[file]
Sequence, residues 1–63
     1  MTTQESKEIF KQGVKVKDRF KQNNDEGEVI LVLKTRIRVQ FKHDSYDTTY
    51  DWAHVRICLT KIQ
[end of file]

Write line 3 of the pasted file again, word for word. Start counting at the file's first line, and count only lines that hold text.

    51  DWAHVRICLT KIQ